News | FFR Catheters | October 05, 2015

Beaumont First in Michigan to Introduce Noninvasive Diagnostic Chest Pain Tool

FFR-CT technology from HeartFlow reveals 99 percent blockage in left anterior descending artery of 65-year-old patient

Beaumont Hospital Royal Oak, first in Michigan, FFR-CT, HeartFlow Inc., heart failure

Image courtesy of HeartFlow Inc.

October 5, 2015 — Beaumont Hospital - Royal Oak is the first in Michigan and one of just a handful in the United States to offer fractional flow reserve by computed tomography, also known as FFR-CT. The technology is a noninvasive, diagnostic tool recently approved by the U.S. Food and Drug Administration (FDA) and developed by HeartFlow Inc.

Heart disease is the leading killer of men and women in the United States. In 2008, the last year for which statistics are available, more than 5 million Americans required emergency center care for chest pain and more than 16 million Americans required subsequent testing, according to the American Heart Association. As a result, 1 million invasive cardiac catheterizations were performed in 2008 throughout the nation for diagnostic purposes alone.

“Up to half of all diagnostic heart catheterizations in the United States reveal no significant coronary artery disease,” says Gil Raff, M.D., director of cardiac MRI (magnetic resonance imaging) and CT at Beaumont Hospital - Royal Oak, leading the implementation of HeartFlow technology. “FFR-CT gives us the individual patient information we need without having to perform an invasive procedure. This means we are able to reduce costs, along with the risk of radiation exposure and possible patient complications.”    

HeartFlow’s FFR-CT is a Web-based software that analyzes existing coronary angiography images to provide physicians with detailed data about blood flow within the coronary arteries. It uses a standard noninvasive coronary CT angiography scan, uploaded to the cloud, and combines it with proprietary computer algorithms to create a three-dimensional model of the patient’s coronary arteries, that can determine whether any given plaque requires cardiac catheterization.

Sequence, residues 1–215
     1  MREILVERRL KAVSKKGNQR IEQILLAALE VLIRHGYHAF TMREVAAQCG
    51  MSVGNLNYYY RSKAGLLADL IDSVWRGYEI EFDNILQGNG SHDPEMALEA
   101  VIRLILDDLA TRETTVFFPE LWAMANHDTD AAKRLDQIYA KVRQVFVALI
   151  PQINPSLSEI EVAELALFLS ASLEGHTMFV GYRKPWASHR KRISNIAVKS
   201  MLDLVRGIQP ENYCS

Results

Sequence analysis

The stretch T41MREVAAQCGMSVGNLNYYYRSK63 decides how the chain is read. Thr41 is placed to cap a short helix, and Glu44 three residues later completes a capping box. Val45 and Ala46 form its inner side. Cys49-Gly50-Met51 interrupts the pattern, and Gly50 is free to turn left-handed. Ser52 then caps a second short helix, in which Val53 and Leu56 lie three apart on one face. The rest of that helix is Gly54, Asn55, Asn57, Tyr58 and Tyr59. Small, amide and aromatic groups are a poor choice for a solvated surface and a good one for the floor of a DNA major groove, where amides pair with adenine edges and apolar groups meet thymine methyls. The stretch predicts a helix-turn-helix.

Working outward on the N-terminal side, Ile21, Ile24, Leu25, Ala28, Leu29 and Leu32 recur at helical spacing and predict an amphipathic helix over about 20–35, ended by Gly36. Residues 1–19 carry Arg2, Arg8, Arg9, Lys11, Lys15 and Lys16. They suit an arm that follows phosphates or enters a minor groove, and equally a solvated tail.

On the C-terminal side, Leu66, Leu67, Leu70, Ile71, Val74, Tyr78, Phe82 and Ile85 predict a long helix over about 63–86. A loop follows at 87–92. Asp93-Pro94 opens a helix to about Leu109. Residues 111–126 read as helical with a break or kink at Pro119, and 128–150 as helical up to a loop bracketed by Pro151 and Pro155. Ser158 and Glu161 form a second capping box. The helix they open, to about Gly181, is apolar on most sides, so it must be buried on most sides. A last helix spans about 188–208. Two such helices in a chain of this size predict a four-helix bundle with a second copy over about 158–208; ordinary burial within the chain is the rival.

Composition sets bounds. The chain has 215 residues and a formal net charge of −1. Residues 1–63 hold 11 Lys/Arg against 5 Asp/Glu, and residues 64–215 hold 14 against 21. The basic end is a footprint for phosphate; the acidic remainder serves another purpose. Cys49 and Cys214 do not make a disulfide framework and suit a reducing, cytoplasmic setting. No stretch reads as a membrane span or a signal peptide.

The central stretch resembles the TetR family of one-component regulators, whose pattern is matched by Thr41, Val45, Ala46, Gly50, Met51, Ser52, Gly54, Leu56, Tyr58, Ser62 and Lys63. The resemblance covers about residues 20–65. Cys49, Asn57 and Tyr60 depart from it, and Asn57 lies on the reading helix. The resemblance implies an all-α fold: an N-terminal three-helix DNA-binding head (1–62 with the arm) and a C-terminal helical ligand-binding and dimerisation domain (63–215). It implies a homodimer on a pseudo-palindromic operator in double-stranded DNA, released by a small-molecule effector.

HeartFlow enables Beaumont to take its focus on noninvasive diagnosis of heart disease a major step forward, said Beaumont Hospital – Royal Oak interventional cardiologist Justin Trivax, M.D.

“Beaumont researchers have been leading the charge in noninvasive chest pain diagnostics with coronary computed tomographic angiography, commonly referred to as CTA, for the last decade,” Trivax said. “To that end, we’ve been able to ‘rule out’ coronary artery disease for many patients who have chest pain.

“But CCTA has limited usage for certain patients and in these cases, cardiac catheterization has been the best and most accurate diagnostic tool available,” Trivax explained. “Even with newer techniques, smaller catheters and better drugs which reduce the risk of stroke and bleeding, all procedures have some inherent risk. HeartFlow FFR-CT enables us to eliminate that risk for many patients.”

It also extends the noninvasive benefit of coronary CCTA to more high-risk and complex cases, Raff said.

Trivax’s patient, Jerry Tolle, 65, of West Bloomfield was among the first to experience the new technology.

A fitness aficionado who worked out three to four times a week using free weights and cardiovascular equipment at his local gym, both Tolle and Trivax were surprised when Tolle began experiencing chest pain. 

Tolle’s disease trajectory was atypical, according to Trivax.

“Mr. Tolle underwent stress testing but the results were not definitive. The EKG portion was abnormal but the imaging portion was normal. There wasn’t enough data to proceed with an invasive procedure at that time,” Trivax said.

Even so, Tolle failed aggressive medical therapy and complained of burning in his chest after eating. CCTA was performed and HeartFlow analysis revealed that Tolle’s left anterior descending artery — commonly known as ‘the widow maker’ — was 99 percent blocked. A stent was implanted via a heart catheterization procedure and after a few weeks’ rest, Tolle has started cardiac rehabilitation, three times a week and is doing well.

“It’s good to know that had the results not indicated a blockage, an invasive procedure would not have been necessary,” Tolle said.  “I’m not totally myself yet, but I’m back to work and feeling better each day.

“In fact,” he said, “I’ll probably get bored with rehab before I’ve finished the program – it’s significantly less intense than my previous work out.” 

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